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First Author: F.Esteves PORTUGAL
Co Author(s): J. Borges R. Almeida P. Neves N. Porta J. Méijome I. Cardoso
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To evaluate the differences in the biomechanical corneal properties measured with Corvis ST and Ocular Response Analyzer (ORA) in a population of young healthy people and a population of pre-cataract patients.
Ophthalmology Department of CHEDV, Feira
Eighty right eyes from 80 healthy young patients (60 females, 20 males; mean age=25ḟ5years) and 54 right eyes from 54 elderly patients scheduled for cataract surgery (32 females, 22 males; mean age=73ḟ7years) were included in the study. All patients were evaluated with Ocular Response Analyzer (ORA, Reicher, Depew, NY) and Corvis ST (Oculus, Wetzlar, Germany) in random order in the same session. Measurements were performed in the morning between 9:00 and 11:00 AM (minimum of 2 hours after awaking). Considering the normal distribution of data, comparisons were performed using independent sample T-test.
No significant differences in IOP were obtained from Corvis ST tonometry (p=0.079), while Goldmann equivalent intra-ocular pressure (IOPg) and corneal compensated intra-ocular pressure (IOPcc) values provided by ORA were significantly higher for the elderly population (p<0.001). Corneal hysteresis (CH) provided by ORA was significantly lower in the elderly population (mean diff.=2.0 mmHg; p<0.001). No differences were found in pachymetry data provided by Corvis ST between both groups. Several parameters obtained from Corvis ST presented statistically significant differences between young and elderly groups; those parameters included: time and velocity for applanation 2 being higher in younger subjects (p<0.001) as well as highest concavity peak distance being higher in youth (p=0.002) and highest concavity radius being flatter in elderly (p<0.001).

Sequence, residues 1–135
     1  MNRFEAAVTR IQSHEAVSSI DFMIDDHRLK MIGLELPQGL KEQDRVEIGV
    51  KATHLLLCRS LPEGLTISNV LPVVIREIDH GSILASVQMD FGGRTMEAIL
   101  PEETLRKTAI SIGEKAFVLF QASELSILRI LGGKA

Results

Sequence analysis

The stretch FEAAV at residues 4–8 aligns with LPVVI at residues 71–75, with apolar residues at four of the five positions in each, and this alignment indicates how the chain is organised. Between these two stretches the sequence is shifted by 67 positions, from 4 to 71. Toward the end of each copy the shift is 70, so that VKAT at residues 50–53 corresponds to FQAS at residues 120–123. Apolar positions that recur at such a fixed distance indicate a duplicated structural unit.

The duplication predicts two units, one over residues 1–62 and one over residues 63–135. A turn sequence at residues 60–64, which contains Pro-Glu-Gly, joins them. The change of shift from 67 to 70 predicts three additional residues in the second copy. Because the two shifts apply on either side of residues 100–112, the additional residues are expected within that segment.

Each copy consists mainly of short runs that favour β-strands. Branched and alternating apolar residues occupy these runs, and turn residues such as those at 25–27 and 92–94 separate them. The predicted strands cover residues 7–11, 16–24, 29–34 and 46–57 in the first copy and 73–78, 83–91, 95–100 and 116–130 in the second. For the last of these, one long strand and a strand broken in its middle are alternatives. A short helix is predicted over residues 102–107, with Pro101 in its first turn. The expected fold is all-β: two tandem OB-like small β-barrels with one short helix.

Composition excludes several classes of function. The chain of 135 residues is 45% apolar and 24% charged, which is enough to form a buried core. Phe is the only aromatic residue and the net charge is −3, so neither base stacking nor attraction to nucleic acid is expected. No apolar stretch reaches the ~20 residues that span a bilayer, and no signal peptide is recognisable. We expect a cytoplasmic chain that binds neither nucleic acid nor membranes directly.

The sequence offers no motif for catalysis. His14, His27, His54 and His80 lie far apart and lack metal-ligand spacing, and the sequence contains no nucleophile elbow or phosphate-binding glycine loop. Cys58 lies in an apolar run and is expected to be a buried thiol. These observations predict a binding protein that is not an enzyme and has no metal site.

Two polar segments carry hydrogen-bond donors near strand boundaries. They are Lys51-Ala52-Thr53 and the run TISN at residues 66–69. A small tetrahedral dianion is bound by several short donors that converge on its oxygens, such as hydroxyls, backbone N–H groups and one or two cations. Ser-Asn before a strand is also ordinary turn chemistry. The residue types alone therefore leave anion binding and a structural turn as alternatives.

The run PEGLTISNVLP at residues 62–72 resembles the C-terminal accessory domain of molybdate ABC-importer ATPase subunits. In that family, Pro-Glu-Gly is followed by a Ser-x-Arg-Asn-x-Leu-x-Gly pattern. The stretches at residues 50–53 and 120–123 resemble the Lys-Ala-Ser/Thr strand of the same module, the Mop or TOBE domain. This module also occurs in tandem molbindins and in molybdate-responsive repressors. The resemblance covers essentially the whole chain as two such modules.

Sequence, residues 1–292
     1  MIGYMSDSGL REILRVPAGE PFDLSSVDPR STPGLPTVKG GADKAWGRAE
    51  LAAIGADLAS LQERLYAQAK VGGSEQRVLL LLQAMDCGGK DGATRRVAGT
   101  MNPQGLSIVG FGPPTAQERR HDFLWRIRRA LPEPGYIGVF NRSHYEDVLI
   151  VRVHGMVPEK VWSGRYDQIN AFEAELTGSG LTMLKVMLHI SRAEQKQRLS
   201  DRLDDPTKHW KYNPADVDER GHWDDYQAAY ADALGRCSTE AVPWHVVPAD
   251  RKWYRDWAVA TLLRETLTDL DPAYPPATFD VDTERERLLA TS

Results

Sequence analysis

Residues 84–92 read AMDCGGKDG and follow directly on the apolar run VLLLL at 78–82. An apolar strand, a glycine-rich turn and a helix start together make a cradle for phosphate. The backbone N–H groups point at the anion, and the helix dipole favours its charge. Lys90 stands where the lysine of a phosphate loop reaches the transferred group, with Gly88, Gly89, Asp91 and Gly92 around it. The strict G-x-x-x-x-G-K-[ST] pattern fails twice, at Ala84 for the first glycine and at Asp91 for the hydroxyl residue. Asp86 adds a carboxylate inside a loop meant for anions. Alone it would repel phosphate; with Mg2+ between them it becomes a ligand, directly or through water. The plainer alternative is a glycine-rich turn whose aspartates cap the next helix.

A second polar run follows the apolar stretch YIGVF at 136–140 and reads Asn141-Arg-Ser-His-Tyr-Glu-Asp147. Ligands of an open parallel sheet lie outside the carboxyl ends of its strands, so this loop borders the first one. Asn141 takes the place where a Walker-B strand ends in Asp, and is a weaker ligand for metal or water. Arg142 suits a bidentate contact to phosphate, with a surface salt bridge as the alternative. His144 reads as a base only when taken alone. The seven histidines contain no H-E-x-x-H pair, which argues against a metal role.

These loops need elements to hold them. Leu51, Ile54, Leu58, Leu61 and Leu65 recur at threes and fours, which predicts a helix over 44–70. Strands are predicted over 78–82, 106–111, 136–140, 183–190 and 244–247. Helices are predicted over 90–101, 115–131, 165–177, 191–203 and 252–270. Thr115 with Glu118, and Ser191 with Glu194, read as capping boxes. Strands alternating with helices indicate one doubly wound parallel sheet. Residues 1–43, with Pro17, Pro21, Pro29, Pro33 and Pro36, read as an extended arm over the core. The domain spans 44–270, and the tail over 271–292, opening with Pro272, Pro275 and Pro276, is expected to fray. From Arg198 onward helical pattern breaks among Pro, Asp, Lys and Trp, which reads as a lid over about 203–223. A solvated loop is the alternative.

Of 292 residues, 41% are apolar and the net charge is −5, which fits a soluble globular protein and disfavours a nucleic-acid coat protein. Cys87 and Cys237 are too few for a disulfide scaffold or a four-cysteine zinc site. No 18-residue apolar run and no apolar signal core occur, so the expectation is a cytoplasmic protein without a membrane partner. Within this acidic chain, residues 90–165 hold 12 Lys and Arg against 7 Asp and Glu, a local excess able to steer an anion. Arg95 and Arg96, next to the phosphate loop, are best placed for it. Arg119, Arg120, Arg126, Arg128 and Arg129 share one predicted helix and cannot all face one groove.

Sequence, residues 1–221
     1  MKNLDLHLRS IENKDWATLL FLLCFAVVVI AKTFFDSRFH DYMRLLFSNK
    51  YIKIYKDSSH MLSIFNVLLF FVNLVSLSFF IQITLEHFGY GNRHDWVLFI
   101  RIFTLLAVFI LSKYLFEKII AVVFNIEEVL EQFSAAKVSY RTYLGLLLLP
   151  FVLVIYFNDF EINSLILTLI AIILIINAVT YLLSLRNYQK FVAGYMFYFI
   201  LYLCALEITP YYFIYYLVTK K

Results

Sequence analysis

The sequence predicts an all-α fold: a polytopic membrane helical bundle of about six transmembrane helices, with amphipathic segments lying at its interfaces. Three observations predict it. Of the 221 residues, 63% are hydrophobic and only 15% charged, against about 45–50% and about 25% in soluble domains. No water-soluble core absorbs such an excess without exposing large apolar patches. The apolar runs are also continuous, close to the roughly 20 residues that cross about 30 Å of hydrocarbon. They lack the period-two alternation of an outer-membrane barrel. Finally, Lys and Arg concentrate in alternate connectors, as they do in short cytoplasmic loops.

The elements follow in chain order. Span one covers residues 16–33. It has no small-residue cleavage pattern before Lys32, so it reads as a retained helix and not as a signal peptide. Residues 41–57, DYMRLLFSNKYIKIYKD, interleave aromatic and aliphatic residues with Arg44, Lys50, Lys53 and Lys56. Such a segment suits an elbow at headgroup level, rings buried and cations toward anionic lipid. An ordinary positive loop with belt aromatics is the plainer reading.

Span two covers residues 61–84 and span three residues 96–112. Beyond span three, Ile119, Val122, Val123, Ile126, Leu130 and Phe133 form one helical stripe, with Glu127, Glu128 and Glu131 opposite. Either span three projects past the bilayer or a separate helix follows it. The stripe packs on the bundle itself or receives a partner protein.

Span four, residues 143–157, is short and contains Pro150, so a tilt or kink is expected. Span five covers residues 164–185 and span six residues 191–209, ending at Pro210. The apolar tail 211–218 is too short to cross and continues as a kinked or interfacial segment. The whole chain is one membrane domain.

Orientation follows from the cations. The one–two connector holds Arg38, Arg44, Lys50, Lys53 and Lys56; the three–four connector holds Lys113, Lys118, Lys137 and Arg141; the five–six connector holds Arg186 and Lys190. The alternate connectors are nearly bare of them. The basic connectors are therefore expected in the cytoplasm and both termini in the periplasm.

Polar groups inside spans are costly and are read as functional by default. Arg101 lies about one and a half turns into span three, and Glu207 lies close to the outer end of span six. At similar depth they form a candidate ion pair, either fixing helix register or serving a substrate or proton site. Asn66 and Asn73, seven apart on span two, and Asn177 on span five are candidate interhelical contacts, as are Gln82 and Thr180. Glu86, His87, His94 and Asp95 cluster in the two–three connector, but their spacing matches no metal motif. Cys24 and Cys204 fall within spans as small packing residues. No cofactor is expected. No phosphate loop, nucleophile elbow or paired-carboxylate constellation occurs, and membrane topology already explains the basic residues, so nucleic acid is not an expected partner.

Present results show that Corvis ST and ORA are able to detect small differences in the biomechanical behavior of the cornea between young and elderly patients. Changes observed are consistent with a trend towards a flatter radius of the deformation concavity in elderly corneas and a faster recovery after deformation in younger corneas representing a trend towards a lower elasticity in elderly. Intra-ocular pressure changes present between both populations might help to explain the differences detected but changes in the homeostasis of the corneal tissue cannot be excluded.